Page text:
After enlisting River Cats multimedia designer Mike Villareal to create the cover, Doskow began selling the book on his personal website, johnnydoskow.com. Thus far, he says he's been "pleasantly surprised by the response."
"A lot of ['Goodnight Em'] is representative of what life is like in Triple-A. Maybe focusing on things that the general fan doesn’t know," said Doskow. "The 4 a.m. travel, that mentality of 'You don’t like it? Play better.' Getting called up, that adrenaline. Getting released. All the ups and downs of Triple-A baseball. People think a lot about the big leagues. Triple-A is not talked about as much. I wanted to express that, just give an idea of what goes on, those things that people wouldn’t necessarily think about."
Doskow expounds upon the Triple-A mentality in haiku such as "Wear It," "Released" and "34 and Uncertain." River Cats players and coaches feature prominently, with the likes of Jack Cust, Chris Shaw and Webster Garrison getting mentions. In naming some of his favorite haiku in the book, he lists evocative titles such as "His Teammates Whisper," "Rookie Walks With Swagger," and above all, "Rogers to the Show."
"That’s an emotional haiku," said Doskow. "Tyler Rogers, he was 28 when he got called up, when he finally got the call. And when he did he called his twin brother [Taylor]. It was his first call, and he couldn’t utter a single word because he was so overwhelmed with emotion."
Doskow can relate, having been through the experience himself. In 2012, he was called up to the A's for a 34-game stint in the radio booth. In "Goodnight Em," Doskow writes about his "Brief Big League Stint" as follows:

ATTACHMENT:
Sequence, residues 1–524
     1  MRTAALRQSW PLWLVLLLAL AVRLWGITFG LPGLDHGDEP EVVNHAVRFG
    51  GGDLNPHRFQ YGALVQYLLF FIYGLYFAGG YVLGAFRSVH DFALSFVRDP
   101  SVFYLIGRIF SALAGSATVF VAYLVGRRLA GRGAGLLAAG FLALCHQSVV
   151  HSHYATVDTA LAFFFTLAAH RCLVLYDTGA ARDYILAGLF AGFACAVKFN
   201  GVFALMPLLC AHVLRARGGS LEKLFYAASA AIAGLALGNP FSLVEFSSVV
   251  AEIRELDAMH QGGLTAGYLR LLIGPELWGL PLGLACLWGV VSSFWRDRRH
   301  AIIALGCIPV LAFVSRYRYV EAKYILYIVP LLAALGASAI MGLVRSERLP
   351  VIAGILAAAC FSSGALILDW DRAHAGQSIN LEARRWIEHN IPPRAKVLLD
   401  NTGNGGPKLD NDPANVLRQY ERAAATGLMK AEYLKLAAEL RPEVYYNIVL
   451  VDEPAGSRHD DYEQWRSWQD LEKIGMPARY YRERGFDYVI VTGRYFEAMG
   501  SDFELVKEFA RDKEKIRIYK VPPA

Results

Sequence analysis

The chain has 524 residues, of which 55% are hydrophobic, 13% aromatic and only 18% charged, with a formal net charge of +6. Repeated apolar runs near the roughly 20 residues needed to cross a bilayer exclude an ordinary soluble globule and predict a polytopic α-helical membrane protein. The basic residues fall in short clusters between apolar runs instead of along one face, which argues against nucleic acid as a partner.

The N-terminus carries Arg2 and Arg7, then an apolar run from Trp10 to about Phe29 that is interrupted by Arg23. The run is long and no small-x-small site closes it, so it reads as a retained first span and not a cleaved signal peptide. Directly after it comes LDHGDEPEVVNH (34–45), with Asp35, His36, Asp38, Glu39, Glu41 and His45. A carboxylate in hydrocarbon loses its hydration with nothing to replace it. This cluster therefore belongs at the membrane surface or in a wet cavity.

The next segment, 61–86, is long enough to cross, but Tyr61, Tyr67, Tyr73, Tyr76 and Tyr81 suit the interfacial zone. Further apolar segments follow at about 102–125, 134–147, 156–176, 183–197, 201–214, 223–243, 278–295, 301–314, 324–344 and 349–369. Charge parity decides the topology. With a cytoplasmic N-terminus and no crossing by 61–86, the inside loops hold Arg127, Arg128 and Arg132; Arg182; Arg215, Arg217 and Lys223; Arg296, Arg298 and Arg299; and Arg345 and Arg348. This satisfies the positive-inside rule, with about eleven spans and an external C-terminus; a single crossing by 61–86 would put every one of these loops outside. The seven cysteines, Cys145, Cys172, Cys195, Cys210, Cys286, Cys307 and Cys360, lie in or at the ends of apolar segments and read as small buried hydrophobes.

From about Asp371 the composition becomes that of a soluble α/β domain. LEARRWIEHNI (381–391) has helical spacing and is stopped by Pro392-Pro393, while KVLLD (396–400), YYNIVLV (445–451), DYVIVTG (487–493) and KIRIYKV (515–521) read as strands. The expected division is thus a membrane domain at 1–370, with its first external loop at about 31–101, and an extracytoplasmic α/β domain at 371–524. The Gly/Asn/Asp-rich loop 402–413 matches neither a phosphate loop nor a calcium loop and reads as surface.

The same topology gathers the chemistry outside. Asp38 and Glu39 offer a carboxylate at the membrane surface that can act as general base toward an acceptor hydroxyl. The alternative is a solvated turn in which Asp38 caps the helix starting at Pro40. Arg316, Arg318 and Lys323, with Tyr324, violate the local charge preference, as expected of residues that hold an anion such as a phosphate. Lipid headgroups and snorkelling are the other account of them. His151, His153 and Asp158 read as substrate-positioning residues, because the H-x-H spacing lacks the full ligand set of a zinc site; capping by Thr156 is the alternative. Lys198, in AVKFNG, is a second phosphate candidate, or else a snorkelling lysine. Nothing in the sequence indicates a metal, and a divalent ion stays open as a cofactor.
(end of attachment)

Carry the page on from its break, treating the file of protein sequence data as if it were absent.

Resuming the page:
walking from hotel
knew it was temporary
savored every game
"That was awesome, to get that opportunity," said Doskow. "In every city that I went to, all the cities, I would walk from the hotel to the ballpark. I would walk everywhere because I wanted to experience it, every moment of those 34 games that I had. Because maybe that’s all I’ll ever have. You never know. So when you get that time, you want to savor every moment."
Writing haiku gives Doskow the chance to savor the moments of life in baseball, as well as life itself. He has no plans to stop now.
"I already have 55 to 60 [haiku] for a new book," he said. "In 2021, I'll keep promoting 'Goodnight Em,' and then in 2022, I'll come out with a new one. I have some good ones already that I feel good about. I’ve become addicted. I just love writing these things, man, it’s a blast. It's infinite, what you can write about. The players we had, the coaches, the managers. There’s a lot more there, more that I want to get out there."
Benjamin Hill is a reporter for MiLB.com and writes Ben's Biz Blog. Follow Ben on Twitter @bensbiz.